By Vincent Virga;
(Little, Brown and Company, Hardcover, 9780316997669, 272pp.)
Publication Date: October 2007
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CARTOGRAPHIA offers a stunning array of 200 of the most beautiful, important, and fascinating maps in existence, from the world's largest cartographic collection, at the Library of Congress. These maps show how our idea of the world has shifted and grown over time, and each map tells its own unique story about nations, politics, and ambitions. The chosen images, with their accompanying stories, introduce the reader to an exciting new way of "reading" maps as travelogues---living history from the earliest of man's imaginings about planet earth to our current attempts at charting cyberspace.
Among the rare gems included in the book are the Waldseemuller Map of the World from 1507, the first to include the designation "America"; pages from the Ortelius's Theatrum Orbis Terrarum of 1570, considered the first modern atlas; rare maps from Africa, Asia, and Oceania that challenge traditional Western perspectives; William Faulkner's hand-drawn 1936 map of the fictional Yoknapatawpha County, Mississippi; and even a map of the Human Genome. In an oversized format, with gorgeous four-color reproductions throughout, Catrographia will appeal to collectors, historians, and anyone looking for a perfect gift.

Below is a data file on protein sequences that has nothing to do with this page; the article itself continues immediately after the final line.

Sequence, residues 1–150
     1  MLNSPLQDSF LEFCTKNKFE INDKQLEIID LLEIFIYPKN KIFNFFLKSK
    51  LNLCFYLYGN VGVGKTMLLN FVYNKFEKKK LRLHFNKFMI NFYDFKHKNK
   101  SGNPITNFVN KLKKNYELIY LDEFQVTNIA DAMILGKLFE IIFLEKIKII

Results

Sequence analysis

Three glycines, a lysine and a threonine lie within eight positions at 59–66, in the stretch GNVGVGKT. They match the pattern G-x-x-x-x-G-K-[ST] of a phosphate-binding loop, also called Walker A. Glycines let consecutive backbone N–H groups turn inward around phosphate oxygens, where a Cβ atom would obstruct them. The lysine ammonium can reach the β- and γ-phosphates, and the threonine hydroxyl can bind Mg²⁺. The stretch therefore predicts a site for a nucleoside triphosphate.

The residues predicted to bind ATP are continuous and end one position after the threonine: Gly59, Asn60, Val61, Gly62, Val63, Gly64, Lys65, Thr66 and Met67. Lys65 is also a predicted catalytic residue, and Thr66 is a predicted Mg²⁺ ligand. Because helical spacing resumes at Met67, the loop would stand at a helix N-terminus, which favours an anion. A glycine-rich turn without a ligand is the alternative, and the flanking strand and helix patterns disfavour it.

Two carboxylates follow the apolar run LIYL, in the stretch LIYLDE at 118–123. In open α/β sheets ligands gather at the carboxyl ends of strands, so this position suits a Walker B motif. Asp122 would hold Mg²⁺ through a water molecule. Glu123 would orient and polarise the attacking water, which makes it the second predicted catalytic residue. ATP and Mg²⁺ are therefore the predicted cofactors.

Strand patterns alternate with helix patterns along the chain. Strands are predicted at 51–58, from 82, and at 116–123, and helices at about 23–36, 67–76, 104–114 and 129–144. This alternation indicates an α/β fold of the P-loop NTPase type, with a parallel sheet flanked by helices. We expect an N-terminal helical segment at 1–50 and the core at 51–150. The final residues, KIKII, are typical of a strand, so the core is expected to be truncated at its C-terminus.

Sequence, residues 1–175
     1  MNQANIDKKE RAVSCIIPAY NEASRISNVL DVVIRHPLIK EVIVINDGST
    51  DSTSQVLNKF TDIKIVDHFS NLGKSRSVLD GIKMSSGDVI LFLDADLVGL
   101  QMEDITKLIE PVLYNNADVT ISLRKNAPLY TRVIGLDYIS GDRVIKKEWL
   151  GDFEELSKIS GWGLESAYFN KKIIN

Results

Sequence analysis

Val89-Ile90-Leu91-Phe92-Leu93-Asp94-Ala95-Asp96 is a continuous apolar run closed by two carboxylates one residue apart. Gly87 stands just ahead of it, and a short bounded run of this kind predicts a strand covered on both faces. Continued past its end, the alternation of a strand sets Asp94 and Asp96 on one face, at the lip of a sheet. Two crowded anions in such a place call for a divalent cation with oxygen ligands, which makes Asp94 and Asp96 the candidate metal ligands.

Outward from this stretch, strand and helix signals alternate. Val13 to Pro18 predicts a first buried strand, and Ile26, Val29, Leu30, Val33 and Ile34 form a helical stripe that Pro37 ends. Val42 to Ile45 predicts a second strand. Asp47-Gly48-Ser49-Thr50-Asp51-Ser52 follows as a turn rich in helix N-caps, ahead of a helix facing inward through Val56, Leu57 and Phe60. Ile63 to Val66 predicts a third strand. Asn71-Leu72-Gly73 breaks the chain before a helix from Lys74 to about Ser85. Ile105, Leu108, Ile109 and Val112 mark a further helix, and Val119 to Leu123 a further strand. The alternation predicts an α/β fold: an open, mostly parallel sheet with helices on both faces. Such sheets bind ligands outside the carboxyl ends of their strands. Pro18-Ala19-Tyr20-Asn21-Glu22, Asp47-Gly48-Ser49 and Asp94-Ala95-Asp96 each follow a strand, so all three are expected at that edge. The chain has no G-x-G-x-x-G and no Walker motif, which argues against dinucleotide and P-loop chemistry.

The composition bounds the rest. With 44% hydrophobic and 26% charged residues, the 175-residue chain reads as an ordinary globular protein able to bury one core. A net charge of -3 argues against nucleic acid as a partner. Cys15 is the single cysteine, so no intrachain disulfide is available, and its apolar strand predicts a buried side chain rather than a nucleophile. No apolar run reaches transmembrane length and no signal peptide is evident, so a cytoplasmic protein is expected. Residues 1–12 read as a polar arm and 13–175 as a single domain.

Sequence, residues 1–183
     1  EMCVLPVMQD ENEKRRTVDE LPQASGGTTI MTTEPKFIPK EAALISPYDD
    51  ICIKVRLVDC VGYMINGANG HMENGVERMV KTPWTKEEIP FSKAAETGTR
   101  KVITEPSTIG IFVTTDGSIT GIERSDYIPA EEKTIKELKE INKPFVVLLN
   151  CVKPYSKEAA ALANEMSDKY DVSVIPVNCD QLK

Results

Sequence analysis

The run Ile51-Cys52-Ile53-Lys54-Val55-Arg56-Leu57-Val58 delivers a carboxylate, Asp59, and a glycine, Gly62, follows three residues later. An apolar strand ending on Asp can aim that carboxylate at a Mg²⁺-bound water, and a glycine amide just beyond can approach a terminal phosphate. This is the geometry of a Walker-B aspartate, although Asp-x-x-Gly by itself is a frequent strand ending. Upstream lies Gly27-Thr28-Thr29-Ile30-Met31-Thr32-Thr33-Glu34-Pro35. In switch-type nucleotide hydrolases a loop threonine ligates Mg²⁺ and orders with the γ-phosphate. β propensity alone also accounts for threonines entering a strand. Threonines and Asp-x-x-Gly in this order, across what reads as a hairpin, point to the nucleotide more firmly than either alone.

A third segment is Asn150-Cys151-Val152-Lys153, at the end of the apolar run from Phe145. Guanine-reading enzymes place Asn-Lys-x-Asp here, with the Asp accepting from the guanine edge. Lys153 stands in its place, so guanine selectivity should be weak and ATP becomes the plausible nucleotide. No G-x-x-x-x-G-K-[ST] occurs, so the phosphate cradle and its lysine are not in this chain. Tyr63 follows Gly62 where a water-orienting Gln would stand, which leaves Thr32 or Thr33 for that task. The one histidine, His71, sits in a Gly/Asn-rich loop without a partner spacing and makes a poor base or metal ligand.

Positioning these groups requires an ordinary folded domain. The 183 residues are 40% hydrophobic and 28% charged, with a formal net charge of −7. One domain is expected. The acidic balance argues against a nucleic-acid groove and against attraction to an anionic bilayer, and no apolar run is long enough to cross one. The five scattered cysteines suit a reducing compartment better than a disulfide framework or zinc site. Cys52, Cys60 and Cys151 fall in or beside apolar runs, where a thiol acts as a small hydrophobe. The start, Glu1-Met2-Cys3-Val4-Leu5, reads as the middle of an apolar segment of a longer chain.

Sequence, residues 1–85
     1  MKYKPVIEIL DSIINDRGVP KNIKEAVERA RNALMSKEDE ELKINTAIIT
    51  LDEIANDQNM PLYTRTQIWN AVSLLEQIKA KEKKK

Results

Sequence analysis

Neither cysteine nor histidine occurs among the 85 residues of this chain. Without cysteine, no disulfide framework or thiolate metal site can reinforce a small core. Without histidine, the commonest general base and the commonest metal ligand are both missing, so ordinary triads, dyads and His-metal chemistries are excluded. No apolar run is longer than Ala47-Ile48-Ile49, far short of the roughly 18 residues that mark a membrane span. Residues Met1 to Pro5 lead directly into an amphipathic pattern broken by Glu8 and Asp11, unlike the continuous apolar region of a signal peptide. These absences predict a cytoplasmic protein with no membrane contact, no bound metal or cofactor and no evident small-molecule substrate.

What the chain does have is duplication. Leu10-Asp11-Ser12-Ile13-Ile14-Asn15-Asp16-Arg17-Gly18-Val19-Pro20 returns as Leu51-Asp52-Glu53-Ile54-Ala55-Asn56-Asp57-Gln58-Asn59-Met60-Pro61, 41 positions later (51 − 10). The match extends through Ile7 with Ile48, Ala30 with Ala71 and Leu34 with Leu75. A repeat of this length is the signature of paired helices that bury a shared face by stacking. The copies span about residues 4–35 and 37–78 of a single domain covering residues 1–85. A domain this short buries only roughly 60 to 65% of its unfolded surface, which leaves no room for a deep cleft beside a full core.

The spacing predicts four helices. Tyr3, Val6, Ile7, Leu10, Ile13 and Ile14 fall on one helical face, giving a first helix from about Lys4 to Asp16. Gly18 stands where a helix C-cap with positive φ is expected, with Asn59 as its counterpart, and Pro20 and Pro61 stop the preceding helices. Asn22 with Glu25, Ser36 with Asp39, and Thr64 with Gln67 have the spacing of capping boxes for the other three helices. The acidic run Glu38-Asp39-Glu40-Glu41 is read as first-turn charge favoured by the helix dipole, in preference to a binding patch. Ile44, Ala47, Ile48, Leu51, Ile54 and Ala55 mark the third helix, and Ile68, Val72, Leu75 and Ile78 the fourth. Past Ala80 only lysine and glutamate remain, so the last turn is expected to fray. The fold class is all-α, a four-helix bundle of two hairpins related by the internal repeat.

Vincent Virga is the author of EYES OF THE NATION: A VISUAL HISTORY OF THE UNITED STATES, which was a main selection of the Book-of-the-Month Club and the History Book Club.